When planning for our estates it can be easy to make errors. Sometimes, it’s merely a matter of not making this critical task a priority. In other situations, even when we do prepare, it’s not in a way which provides our assets and beneficiaries with the best possible protection and advantages. Whether it’s lack of preparation or the wrong kind, there are certain common estate planning mistakes you can avoid.
Failing to Plan for Incapacity
You may have heard the old saying: When you fail to plan, you plan to fail. When it comes to your capacity, if you decide not to prepare, you will not have any control over what happens with your care or finances if you become seriously impaired. You have no way of knowing if an accident or illness could incapacitate you and keep you from directing your care or protecting your interests. By taking the time to create an advance health care directive and power of attorney now, you will have the peace of mind of knowing that someone you trust will be there to make decisions on your behalf if something should happen.
Not Planning to Keep Assets Outside of Probate
Another common estate planning mistake is not preparing in a way which keeps assets from passing through probate. Probate can be a lengthy and expensive process and can keep funds and property out of reach of those who need them the most. If you take certain steps beforehand, property, bank accounts, and other assets will be immediately accessible to your loved ones rather than being tied up in probate.
Not Planning for a Special Needs Loved One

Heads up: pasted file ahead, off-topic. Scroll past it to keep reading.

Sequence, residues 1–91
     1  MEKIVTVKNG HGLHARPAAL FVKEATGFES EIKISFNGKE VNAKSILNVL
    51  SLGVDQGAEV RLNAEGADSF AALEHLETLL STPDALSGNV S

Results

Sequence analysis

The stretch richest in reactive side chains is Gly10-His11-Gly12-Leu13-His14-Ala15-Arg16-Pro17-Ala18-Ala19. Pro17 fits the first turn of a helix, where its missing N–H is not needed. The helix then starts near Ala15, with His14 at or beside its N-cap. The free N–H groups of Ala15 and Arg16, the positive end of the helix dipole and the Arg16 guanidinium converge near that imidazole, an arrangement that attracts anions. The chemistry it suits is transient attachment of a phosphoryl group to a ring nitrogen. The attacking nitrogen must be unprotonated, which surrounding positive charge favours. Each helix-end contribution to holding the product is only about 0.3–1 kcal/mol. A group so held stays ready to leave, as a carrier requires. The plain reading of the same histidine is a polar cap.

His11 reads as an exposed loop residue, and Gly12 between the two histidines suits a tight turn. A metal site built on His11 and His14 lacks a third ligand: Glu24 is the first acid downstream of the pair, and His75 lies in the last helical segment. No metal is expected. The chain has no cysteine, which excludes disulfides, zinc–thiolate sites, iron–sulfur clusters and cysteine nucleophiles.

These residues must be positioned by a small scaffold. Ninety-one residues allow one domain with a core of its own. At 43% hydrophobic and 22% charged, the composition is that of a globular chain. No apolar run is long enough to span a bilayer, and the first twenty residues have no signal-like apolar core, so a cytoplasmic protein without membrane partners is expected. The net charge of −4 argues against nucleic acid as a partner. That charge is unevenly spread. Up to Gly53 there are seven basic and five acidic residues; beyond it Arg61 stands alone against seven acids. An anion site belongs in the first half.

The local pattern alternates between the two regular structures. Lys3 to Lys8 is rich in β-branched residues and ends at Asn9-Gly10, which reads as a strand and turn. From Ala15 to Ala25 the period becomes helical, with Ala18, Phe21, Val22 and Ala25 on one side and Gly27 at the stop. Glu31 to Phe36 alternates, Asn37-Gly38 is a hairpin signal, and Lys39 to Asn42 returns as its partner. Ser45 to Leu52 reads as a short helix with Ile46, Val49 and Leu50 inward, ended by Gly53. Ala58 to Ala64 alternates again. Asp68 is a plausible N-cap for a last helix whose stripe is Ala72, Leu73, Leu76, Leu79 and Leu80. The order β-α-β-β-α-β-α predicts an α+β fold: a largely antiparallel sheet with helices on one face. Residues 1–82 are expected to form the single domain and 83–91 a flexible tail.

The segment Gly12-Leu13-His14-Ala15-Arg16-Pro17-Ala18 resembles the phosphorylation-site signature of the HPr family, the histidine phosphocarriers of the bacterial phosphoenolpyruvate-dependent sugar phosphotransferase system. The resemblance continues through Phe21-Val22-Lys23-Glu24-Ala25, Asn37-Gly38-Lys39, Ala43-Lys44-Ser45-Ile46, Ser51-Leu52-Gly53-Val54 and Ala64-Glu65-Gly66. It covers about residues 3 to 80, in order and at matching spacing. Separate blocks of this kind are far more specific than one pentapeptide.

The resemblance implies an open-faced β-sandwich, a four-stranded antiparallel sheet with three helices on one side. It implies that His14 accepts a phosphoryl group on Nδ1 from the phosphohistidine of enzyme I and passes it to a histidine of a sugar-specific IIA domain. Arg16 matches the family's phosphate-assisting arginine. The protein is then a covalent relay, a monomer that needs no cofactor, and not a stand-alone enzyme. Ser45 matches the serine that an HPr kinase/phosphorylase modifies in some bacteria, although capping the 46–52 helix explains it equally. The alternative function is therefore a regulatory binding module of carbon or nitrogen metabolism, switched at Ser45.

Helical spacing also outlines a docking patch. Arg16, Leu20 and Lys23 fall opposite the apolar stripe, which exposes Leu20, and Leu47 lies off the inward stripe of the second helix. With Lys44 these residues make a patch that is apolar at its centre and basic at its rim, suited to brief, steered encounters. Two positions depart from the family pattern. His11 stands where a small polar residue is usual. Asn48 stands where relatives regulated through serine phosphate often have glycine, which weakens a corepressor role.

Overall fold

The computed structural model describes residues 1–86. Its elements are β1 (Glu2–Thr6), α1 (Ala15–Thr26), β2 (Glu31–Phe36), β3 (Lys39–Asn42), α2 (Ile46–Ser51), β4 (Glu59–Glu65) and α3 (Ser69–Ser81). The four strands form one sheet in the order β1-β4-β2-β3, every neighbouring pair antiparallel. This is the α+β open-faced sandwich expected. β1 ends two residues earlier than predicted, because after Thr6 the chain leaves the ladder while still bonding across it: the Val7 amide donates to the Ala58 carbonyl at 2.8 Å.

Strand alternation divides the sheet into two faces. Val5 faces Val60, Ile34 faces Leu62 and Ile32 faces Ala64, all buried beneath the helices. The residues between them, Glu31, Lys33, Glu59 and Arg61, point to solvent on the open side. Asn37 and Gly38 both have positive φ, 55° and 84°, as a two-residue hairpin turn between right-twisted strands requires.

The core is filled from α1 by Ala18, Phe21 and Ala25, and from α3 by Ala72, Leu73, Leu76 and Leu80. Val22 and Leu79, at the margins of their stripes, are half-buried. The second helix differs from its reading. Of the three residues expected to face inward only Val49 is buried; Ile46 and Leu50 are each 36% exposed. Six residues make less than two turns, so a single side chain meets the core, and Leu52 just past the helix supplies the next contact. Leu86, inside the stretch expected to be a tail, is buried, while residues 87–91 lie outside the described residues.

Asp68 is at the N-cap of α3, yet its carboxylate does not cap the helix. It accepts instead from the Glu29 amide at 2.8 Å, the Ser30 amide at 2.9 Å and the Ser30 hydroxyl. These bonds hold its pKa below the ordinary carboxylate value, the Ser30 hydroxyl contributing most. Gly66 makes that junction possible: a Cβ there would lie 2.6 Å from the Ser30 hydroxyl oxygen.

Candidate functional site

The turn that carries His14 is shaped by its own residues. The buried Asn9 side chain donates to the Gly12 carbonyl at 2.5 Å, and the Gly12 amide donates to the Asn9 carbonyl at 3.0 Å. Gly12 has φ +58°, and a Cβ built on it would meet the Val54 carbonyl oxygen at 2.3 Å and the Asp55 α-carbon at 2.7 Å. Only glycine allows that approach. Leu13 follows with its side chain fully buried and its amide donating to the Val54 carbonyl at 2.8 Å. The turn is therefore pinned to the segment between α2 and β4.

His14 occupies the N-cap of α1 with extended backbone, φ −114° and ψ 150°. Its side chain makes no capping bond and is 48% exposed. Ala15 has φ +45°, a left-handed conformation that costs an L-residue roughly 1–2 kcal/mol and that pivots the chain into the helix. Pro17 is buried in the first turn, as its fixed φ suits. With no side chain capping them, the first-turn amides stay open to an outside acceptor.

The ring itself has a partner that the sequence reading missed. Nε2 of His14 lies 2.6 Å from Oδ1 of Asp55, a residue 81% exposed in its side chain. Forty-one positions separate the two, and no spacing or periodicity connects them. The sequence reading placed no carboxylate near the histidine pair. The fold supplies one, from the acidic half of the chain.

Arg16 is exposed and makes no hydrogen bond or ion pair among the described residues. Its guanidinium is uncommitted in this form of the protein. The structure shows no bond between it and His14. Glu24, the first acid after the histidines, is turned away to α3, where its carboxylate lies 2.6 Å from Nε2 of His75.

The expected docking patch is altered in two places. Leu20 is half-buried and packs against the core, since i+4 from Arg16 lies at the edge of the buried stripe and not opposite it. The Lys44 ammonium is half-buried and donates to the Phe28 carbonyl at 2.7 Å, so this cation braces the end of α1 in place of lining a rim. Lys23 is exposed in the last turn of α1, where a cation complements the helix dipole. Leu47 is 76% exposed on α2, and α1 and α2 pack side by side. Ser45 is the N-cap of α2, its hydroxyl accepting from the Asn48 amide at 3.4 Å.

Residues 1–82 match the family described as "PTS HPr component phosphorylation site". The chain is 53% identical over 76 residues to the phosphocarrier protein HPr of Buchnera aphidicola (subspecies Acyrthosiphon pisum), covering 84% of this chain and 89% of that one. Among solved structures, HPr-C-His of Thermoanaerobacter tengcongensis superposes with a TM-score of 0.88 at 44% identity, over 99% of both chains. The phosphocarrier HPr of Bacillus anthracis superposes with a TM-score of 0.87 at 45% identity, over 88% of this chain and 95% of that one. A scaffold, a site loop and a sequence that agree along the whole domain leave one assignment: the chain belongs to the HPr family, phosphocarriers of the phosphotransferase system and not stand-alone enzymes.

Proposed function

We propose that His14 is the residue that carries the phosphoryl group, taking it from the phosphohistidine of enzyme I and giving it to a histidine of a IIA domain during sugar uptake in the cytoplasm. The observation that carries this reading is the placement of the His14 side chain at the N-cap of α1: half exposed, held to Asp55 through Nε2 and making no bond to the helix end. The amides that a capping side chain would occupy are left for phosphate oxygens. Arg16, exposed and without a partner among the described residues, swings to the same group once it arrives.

When you are the parent or loved one of someone with an advanced special need, you can devote a lot of energy into caring for them. In many cases, these efforts will include making sure the individual is qualified for governmental programs which will assist them throughout their lives. However, these programs are income-sensitive and have limitations. Further, without you to help out with his or her expenses, your loved one may have to live on very limited resources. If you don’t plan for your estate carefully, you could end up leaving this person assets which may interfere with his or her program eligibility. The good news is that with special needs trust planning, you can help ensure your loved one has the support they need to live comfortably without endangering their public benefits.
Not Considering Long-Term Care
Not considering how you will pay for long-term care expenses can be a significant issue in estate planning. It comes as a shock to many that Medicare does not cover long-term care expenses such as extensive nursing home or in-home care services. Someone in need of his care will have the option of using a long-term care policy or Medi-Cal to pay for them. However, in order to obtain insurance or qualify for Medi-Cal, there must be adequate planning before the need arises.
Planning for your estate is one of the most important tasks you will complete. For that reason, it is important to prepare with the advice of an experienced and knowledgeable estate planning attorney who can help you avoid these and other common mistakes. At the Law Offices of Alice A. Salvo, we are knowledgeable California estate planning attorneys with the experience you need to make informed decisions for the future. Contact us today to schedule your consultation. https://www.salvolaw.com/contact/